Between 2008 and 2009 NGDP fell at the fastest pace since the Great Depression. That suggests that monetary policy was probably too tight in 2008. Oddly, John Taylor seems to think money was too easy, unless I misinterpreted this passage:
A third policy response to the financial crisis was the sharp reduction in the federal funds rate in the first half year of the crisis. The federal funds rate target went from 5-1/4 percent when the crisis began in August 2007 to 2 percent in April 2008. The Taylor rule also called for a reduction in the interest rate during this early period, but not as sharp. Thus the reduction was more than would be called for using the historical relation stressed at the start of this paper, even adjusting for the Libor-OIS spread as I suggested  in a speech at the Federal Reserve Bank of San Francisco and in testimony at the House Financial Services Committee in February.
It is difficult to assess the full impact of this extra sharp easing, and more research is needed. The lower interest rates reduced the size of the re-set of adjustable rate mortgages and thereby was addressed to some of the fundamentals causing the crisis. Some of these effects would have occurred if the interest rate cuts were less aggressive.
The most noticeable effects at the time of the cut in the federal funds rate, however, were the sharp depreciation of the dollar and the very large rise in oil prices. During the first year of the financial crisis oil prices doubled from about $70 per barrel in August 2007 to over $140 in July 2008, before plummeting back down as expectations of world economic growth declined sharply. Figure 11 shows the close correlation between the federal funds rate and the price of oil during this period using monthly average data. The chart ends before the global slump in demand became evident and oil prices fell back.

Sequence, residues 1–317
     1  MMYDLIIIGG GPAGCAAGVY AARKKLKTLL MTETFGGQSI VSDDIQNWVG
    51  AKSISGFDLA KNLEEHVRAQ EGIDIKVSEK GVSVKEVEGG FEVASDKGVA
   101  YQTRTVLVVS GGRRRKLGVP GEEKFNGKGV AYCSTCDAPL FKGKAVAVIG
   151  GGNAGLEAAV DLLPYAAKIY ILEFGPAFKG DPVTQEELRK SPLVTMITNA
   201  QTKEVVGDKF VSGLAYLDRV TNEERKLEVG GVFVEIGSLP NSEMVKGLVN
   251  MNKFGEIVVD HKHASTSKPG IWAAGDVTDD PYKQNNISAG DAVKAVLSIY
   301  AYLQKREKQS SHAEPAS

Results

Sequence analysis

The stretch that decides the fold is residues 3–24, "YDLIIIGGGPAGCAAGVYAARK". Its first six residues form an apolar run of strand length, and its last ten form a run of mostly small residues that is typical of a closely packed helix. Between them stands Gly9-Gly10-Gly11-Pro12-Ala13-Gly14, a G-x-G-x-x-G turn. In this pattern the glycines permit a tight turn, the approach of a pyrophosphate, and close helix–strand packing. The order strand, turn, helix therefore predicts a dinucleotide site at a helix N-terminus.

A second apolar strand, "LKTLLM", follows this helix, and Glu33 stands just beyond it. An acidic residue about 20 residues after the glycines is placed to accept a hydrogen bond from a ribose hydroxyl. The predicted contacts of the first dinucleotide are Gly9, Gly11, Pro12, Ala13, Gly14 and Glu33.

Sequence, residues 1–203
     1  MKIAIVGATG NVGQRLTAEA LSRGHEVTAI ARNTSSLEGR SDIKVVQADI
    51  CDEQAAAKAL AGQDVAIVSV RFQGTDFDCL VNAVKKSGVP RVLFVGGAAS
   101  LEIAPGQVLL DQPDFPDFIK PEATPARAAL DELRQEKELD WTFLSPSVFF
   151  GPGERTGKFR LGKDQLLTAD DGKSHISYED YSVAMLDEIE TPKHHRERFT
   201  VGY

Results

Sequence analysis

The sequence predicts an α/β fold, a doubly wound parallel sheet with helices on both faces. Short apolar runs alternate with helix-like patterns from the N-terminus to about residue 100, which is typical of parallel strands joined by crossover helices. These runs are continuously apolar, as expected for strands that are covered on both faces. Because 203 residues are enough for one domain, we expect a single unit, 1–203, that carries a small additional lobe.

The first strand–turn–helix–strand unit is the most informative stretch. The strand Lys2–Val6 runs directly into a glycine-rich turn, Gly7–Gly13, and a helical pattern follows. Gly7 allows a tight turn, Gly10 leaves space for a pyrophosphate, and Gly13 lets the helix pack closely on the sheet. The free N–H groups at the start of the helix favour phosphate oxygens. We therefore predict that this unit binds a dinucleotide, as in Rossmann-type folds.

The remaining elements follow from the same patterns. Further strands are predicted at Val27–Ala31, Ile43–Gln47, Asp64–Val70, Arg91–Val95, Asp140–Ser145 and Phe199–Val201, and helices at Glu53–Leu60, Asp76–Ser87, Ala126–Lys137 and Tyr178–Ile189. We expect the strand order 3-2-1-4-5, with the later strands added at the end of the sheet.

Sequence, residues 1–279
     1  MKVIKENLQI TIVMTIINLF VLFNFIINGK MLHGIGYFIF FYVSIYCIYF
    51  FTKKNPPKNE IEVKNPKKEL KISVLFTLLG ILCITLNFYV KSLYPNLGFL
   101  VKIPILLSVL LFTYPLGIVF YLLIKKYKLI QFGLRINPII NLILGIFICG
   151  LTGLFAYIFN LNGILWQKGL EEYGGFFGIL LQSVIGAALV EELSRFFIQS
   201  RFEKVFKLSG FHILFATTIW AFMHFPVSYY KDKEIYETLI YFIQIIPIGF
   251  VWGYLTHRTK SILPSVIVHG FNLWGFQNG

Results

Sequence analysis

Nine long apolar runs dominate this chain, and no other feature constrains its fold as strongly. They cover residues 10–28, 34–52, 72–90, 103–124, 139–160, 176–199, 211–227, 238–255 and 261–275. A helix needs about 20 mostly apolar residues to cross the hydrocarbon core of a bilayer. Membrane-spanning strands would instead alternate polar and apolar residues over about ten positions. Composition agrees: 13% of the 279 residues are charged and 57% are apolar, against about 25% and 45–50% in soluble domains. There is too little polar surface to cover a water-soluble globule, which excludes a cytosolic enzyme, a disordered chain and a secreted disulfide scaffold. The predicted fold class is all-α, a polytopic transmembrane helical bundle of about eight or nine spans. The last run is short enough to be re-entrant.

When the federal funds rate was cut, oil prices broke out of the $60-$70 per barrel range and then rose rapidly throughout the first year of the financial crisis. Clearly this bout of high oil prices hit the economy hard as gasoline prices skyrocketed and automobile sales plummeted in the spring and summer of 2008. In my view, expressed in a paper  delivered at the Bank of Japan in May, this interest rate cut helped raise oil and other commodity prices and thereby prolonged the crisis.
Econometric evidence of the connection between interest rates and oil prices is found in existing empirical studies. For example, in early May 2008, the First Deputy Managing Director of the International Monetary Fund John Lipsky said: “Preliminary evidence suggests that low interest rates have a statistically significant impact on commodity prices, above and beyond the typical effect of increased demand. Exchange rate shifts also appear to influence commodity prices. For example, IMF estimates suggest that if the US dollar had remained at its 2002 peak through end-2007, oil prices would have been $25 a barrel lower and non-fuel commodity prices 12 percent lower.”
When it became clear in the fall of 2008 that the world economy was turning down sharply, oil prices then returned to the $60-$70 range. But by this time the damage of the high oil prices had been done.
Taylor mentions the big interest rate cut from August 2007 to April 2008. But during this period there was no increase in the monetary base, so the fall in rates represents less demand for money, not more supply. I can’t imagine why he would argue that money was too easy in 2008. Wouldn’t tighter money have led to an even bigger fall in NGDP between 2008 and 2009?
I’m also puzzled that someone would look at the price of oil when deciding whether money was too easy or too tight. Why not NGDP?